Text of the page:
Seven looked at both parties for a moment. "To both the Federation and the Dominion I say: you can have your autonomy, and I give you my personal promise that the Borg Collective will prevent the other party from infringing on things having to do with your territory. But you 'will' have to live from now on with the knowledge of knowing that the border guard between your territories does have the power to destroy you in one hour flat, if provoked. Do not provoke us. Instead work with us to turn this into a situation where you all can live in peace and prosperity."
Seven let her eyes drift across the room. "For the next two days I will hold meetings with various parties. That is your chance to tell me what you want, and what you would have a problem with. For the two days after that, I will be the mediator in talks between two parties at a time while they work out problems. And for the two days after that we will once more gather as a group and details of negotiations will be presented to you all. This so that people that were not part of the negotiation between certain parties can nevertheless speak up if they have a grievance. I know that normally one would only give a little while at the same time saying that they would never accept things that in reality they would accept. All in a simple matter of trying to get the most out of the deal. Ladies and gentlemen. I just proposed six days of talk. On the seventh day a treaty will be signed. Do not hold out trying to get more. Especially in the one-on-one talk with me, be honest. It is only when I know your true concerns that I can try to keep them in mind while talking with others. Are there any questions?"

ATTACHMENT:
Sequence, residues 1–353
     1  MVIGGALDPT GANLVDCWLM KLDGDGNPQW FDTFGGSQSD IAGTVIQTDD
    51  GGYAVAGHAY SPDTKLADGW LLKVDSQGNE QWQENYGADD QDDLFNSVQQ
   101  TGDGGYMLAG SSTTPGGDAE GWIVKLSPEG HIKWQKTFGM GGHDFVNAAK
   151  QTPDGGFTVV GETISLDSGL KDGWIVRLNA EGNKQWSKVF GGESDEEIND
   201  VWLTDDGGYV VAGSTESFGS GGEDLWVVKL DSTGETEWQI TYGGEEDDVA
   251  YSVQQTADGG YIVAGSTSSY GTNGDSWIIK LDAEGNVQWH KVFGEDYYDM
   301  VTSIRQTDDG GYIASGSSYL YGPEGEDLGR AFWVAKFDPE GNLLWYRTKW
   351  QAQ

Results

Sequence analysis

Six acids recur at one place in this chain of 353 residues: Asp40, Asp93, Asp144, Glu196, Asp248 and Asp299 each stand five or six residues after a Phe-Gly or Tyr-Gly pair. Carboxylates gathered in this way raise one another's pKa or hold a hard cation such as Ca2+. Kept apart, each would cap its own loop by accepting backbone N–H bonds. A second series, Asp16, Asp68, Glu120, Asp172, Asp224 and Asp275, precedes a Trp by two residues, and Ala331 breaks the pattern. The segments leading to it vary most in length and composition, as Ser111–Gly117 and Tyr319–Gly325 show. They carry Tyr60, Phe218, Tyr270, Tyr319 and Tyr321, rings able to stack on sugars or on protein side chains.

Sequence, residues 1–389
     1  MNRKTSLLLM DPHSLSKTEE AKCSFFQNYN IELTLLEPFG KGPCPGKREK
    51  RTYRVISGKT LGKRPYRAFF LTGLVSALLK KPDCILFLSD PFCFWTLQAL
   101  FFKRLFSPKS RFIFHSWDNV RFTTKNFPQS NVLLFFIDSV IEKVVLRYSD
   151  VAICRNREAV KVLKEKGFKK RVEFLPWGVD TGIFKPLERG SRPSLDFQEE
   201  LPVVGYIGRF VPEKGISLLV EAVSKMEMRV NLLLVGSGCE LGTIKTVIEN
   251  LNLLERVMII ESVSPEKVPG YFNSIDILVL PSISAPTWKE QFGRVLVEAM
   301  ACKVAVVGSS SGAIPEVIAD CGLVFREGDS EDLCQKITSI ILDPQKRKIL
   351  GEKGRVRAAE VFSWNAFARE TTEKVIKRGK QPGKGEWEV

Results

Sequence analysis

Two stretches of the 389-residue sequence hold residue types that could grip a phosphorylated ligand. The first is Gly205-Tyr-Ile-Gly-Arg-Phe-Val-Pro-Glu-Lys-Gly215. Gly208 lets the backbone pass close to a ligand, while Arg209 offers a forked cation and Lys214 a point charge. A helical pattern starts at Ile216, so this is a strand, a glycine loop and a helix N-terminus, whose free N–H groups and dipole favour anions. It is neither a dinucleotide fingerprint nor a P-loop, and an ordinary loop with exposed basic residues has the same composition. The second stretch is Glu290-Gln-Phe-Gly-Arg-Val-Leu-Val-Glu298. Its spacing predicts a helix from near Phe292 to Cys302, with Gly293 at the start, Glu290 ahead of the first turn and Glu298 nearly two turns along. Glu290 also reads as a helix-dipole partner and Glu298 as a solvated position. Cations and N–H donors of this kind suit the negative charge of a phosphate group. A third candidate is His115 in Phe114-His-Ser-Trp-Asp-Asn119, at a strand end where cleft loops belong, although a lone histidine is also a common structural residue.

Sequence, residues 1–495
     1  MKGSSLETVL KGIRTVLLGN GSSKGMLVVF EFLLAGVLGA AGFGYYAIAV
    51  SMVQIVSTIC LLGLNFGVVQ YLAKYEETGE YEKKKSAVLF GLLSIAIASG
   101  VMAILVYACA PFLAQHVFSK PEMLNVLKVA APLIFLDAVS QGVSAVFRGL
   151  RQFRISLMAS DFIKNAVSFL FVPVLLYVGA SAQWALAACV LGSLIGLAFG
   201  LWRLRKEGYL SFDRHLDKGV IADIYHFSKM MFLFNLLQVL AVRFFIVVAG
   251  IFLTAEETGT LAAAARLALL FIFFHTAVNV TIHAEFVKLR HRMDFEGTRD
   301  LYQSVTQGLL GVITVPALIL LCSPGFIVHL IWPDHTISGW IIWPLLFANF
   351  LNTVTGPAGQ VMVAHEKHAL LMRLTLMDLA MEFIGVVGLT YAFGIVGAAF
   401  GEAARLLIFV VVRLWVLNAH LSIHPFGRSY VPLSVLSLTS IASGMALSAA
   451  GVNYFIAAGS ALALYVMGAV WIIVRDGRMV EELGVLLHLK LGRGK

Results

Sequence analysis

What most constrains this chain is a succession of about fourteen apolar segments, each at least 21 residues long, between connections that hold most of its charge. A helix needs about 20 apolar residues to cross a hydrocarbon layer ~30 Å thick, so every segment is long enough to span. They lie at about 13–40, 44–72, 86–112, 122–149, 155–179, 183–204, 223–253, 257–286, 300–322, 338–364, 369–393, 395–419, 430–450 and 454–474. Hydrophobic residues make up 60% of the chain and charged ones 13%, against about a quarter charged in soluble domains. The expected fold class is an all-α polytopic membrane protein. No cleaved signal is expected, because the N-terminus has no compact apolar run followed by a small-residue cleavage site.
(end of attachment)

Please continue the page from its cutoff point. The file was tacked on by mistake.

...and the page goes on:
After a moment of silence, the Federation President spoke up hesitantly. "Even if we reach agreements here, some of us, like the Federation, still have to get the agreement ratified to make it legal."
"Unacceptable," Seven stated resolutely. "These negotiations will not differ from others in the fact that details will have to be worked out over weeks, maybe even months. But details can still be worked out after the main treaty is signed, in which you will declare your general intentions. For instance. Part of the treaty will be that the Dominion will retreat... I mean pull back their overwhelming forces that could easily win the war... all depending who is explaining it to whom, to the Gamma Quadrant. However, in the detailed negotiations to be done later, it might be agreed that they will be allowed to have a starbase in Federation or Bajoran territory so that they can monitor the Federation, and maybe serve as a base of interest for the merchant ships that use the wormhole to travel to the Gamma Quadrant. Where, of course, those ships have to abide by Dominion law."